Chief Content Officer,
Techstrong Group

An ambitious IT project that promises to have a $115.8 billion economic impact on the Las Vegas area over the next 10 years may prove to be the model by which public-private partnerships will drive the coming Industry 4.0 age, fueled in part by the rise of edge computing platforms.

The Las Vegas INZONE project is based on principles put forward by the Open Grid Alliance (OGA), which call for an edge-in approach to accessing network services. The Open Grid architecture would replace the current core-out model of the internet, in which network packets are broadcast widely rather than sent directly between platforms that require access to that data. As more edge computing platforms are connected to the internet, the core-out model eventually will be overwhelmed by the amount of latency created by each new device, members of the OGA argue.

The OGA, which was created earlier this year, comprises Vapor IO, VMware, PacketFabric, Dell Technologies, MobileEdge and DriveNets. Vendors contributing IT platforms and services to the Las Vegas project alongside and VMware include Amazon Web Services (AWS), Guavus, Hivelocity, ITRenew, Lenovo, Terbine and Terranet Communications.

Instead of relying on low-level application programming interfaces in application development, the alliance is committed to interoperability by allowing platforms to simply describe what capabilities they can provide. As part of that effort, the OGA plans to define key principles for the Open Grid and identify open interoperable technologies that adhere to those principles.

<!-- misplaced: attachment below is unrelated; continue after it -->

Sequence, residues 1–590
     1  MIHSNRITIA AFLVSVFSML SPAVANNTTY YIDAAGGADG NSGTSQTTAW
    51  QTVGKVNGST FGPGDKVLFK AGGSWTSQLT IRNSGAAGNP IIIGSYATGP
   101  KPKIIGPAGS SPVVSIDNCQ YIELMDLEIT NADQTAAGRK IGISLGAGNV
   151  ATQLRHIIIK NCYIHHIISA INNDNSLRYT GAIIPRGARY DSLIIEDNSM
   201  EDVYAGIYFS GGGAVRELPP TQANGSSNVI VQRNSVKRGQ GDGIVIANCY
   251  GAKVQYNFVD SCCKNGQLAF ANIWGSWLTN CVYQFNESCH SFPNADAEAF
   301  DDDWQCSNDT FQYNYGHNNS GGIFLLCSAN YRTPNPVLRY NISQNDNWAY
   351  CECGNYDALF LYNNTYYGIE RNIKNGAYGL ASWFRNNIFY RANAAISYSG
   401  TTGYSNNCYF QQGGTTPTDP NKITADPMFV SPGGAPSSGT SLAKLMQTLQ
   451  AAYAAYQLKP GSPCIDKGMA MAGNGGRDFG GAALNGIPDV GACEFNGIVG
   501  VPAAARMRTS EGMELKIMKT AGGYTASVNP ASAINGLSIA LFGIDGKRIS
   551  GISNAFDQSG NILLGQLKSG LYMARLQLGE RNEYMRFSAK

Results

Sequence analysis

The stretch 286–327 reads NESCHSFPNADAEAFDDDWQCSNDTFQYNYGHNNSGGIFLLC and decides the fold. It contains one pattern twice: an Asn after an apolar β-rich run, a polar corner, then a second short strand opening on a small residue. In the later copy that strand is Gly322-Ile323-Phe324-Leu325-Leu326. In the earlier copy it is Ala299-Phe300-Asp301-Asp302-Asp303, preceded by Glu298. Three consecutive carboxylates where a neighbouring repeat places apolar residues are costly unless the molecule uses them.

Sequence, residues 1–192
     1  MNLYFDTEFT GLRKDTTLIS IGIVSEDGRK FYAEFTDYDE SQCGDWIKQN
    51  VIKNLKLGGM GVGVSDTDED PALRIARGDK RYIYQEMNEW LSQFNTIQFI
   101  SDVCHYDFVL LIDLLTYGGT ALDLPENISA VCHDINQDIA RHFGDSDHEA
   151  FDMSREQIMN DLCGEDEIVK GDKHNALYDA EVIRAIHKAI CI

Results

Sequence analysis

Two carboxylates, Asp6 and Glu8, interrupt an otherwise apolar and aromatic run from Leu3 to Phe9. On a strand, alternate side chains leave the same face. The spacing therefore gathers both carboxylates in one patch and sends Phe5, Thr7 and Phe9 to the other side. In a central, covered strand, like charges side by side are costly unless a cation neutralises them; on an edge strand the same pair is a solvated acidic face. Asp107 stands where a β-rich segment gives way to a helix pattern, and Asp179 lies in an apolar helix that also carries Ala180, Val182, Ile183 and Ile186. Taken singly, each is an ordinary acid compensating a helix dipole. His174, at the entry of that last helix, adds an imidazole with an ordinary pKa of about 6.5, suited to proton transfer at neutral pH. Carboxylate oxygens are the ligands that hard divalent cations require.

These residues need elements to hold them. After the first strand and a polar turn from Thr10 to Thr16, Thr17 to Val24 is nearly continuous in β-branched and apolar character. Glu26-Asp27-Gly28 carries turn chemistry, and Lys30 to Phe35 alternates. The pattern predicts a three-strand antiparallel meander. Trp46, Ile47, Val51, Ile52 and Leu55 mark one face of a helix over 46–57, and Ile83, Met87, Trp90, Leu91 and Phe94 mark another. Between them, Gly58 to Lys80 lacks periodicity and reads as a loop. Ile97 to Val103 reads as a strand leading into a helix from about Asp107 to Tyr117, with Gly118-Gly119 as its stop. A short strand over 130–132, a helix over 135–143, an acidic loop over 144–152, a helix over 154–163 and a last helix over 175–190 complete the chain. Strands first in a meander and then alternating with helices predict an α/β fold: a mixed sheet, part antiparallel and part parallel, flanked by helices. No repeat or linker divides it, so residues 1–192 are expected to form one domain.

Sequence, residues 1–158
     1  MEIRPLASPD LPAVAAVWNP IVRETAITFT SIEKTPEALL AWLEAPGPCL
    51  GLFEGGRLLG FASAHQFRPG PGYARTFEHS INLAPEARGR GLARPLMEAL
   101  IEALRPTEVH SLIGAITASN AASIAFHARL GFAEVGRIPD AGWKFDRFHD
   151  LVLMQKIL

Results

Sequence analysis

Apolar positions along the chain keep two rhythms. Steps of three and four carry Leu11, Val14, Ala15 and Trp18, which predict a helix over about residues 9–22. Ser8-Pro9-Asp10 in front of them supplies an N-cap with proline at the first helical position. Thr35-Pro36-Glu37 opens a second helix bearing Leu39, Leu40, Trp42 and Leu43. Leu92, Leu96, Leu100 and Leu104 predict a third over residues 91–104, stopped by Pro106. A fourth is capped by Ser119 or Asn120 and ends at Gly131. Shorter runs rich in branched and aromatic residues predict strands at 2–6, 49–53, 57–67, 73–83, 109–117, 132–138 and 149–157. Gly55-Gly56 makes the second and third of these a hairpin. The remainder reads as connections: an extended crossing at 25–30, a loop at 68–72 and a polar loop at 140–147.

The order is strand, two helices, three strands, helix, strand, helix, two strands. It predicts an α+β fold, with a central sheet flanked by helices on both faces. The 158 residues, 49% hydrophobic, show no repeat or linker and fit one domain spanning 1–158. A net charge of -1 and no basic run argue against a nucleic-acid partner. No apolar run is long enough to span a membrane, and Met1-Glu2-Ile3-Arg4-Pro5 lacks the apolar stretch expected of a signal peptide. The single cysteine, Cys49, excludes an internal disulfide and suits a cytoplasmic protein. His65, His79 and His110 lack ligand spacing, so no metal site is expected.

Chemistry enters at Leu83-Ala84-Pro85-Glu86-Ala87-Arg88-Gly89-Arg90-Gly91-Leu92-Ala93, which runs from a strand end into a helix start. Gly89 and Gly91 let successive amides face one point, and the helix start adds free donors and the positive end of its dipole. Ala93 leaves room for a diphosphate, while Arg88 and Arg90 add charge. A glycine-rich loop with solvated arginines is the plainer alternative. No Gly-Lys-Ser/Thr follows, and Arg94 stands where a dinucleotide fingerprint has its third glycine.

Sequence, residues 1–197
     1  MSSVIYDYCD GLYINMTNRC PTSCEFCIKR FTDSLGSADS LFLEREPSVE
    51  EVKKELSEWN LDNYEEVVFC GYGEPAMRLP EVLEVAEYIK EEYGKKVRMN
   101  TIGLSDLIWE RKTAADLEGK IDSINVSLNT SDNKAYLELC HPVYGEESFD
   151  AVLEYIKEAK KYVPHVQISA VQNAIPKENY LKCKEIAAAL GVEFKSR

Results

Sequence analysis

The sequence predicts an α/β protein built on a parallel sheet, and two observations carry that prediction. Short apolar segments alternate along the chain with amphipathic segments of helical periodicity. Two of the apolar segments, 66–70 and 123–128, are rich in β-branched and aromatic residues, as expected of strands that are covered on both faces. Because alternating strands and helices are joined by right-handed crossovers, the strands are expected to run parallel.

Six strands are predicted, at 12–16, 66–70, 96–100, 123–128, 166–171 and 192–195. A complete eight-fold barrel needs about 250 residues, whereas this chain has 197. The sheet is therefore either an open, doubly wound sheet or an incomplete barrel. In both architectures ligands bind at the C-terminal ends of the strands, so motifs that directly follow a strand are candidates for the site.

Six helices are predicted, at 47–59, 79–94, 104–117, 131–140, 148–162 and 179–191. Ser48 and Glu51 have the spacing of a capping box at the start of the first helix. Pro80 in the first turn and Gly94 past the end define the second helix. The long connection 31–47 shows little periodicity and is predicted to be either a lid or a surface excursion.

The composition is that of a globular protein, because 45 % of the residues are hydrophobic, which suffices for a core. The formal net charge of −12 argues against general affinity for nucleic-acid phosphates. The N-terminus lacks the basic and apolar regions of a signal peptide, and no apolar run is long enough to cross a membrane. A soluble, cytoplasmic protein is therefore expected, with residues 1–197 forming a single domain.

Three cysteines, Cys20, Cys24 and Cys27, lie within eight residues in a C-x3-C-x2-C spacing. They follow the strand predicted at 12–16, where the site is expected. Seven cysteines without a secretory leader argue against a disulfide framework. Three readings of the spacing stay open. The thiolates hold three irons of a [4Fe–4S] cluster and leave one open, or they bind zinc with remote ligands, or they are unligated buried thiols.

At the core of the Las Vegas INZONE project is Vapor IO’s Kinetic Grid platform, which enables multiple data centers to be accessed logically as one common pool of infrastructure resources regardless of where they are physically located. The goal is to replace a cloud computing model, which is based on the core-out model, with a grid architecture framework that enables IT systems and the applications that run on them to communicate more efficiently, says Vapor IO CEO Cole Crawford.

It’s not clear to what degree OGA will drive a reengineering of the internet, but C-level executives utilizing edge computing platforms in their digital business transformation initiatives might want to stay abreast of what’s occurring in the Las Vegas area. City and county officials are betting this partnership will do much to attract organizations to the area, such as modern manufacturing companies that are embracing internet of things (IoT) applications.

Las Vegas INZONE may serve as the catalyst for other local governments in recognizing they also need to create similar partnerships to entice companies to set up shop in their area, or simply to retain the ones that are already there. These days, IT infrastructure is as important as any other essential service in sustaining a local economy.

Most organizations are making strategic decisions today about where to locate operations for the next decade. As part of that process, digital CxOs need to open a dialogue with government leaders to understand how much they are willing to invest to preserve their tax base, upon which the local community depends. Without that insight and investment, business and city officials alike may find themselves on the wrong side of Industry 4.0, in which the winners will be those making the strongest commitments possible to next-generation technologies.

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